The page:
retail news in context, analysis with attitude

USA Today reports that Procter & Gamble plans to divest its worldwide bleach business, delivering on a pledge by CEO AG Lafley to get out of non-core businesses. (P&G is not in the bleach business in the US.)

In a meeting with analysts this week, Lafley also announced the reorganization of the company's global business units, "reshuffling its market development organizations and renaming them sales organizations. The switch includes consolidating Eastern and Western Europe, while India will be combined with the Middle East and Africa."

According to the story, "Lafley said the company 'wasn't ready to make announcements' about selling other unnamed businesses. Iams pet food, Duracell batteries and Braun small appliances top many analysts' short lists of candidates for sale."


• President Barack Obama this week announced "the development of tough new fuel standards for the nation’s fleet of heavy-duty trucks as part of what aides say will be an increasingly muscular and unilateral campaign to tackle climate change through the use of the president’s executive power," the New York Times writes. "he new regulations, to be drafted by the Environmental Protection Agency and the Transportation Department by March 2015 and completed a year later so they are in place before Mr. Obama leaves office."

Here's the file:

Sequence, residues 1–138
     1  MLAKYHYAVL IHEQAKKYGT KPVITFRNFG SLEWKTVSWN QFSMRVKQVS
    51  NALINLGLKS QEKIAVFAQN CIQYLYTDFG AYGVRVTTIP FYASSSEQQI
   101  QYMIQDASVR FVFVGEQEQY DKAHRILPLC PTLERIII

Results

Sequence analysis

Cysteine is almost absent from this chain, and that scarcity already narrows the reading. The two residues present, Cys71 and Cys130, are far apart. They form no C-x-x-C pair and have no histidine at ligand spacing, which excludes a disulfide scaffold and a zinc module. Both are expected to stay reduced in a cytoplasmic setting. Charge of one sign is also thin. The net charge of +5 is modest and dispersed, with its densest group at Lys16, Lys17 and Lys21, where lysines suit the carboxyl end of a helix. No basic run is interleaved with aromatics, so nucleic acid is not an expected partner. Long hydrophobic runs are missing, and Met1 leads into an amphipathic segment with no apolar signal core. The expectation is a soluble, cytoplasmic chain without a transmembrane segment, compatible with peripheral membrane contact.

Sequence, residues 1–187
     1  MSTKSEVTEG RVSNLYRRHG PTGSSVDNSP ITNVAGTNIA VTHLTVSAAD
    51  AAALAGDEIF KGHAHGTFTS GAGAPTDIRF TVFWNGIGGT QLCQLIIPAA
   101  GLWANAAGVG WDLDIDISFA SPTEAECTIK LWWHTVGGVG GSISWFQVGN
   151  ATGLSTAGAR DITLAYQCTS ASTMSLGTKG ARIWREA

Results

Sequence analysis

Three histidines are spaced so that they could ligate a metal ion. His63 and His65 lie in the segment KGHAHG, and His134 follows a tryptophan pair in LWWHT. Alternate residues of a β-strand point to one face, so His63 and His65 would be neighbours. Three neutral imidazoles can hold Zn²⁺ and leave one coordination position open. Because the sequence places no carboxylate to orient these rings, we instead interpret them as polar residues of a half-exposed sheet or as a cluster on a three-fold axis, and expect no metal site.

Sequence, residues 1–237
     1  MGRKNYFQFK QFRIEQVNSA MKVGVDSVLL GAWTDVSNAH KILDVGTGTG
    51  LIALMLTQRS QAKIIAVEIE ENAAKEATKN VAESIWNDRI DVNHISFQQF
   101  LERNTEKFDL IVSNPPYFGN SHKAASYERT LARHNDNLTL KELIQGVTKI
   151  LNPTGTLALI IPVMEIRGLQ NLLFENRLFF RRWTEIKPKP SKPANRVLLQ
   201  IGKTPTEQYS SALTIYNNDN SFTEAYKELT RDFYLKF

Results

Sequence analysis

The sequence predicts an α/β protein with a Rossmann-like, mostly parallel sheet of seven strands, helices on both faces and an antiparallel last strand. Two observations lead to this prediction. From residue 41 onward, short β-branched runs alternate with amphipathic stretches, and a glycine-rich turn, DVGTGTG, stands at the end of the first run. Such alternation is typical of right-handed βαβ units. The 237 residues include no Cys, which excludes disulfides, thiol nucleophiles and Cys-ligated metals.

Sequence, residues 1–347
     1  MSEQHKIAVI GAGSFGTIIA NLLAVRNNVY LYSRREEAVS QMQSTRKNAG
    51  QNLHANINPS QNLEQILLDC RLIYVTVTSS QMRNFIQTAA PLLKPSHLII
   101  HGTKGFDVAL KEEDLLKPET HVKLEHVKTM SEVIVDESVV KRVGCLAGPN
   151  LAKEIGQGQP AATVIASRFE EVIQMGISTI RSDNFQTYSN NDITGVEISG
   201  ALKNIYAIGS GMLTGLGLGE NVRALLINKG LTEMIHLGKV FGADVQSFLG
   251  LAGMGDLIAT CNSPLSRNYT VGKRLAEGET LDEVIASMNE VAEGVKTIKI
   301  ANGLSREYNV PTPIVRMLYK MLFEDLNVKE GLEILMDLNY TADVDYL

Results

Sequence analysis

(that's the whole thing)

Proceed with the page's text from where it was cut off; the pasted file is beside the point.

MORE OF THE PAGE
The story goes on to say that "the limits on greenhouse gas pollution from trucks would combine with previous rules requiring passenger cars and light trucks to burn fuel more efficiently and pending rules to limit the carbon emissions of power plants. Cumulatively, experts said the à la carte approach should enable Mr. Obama to meet his target of cutting carbon pollution in the United States by 17 percent from 2005 levels by 2020. But they said he would still be far short of his goal of an 80 percent reduction by 2050."

The Times notes that while environmentalists have endorsed the President's plans, car and truck manufacturers have said that such rules could make vehicles more expensive and less safe, while Republicans have criticized the President for single-handedly imposing "what they consider onerous requirements on vast swaths of the energy economy when Congress has opted against its own intervention."
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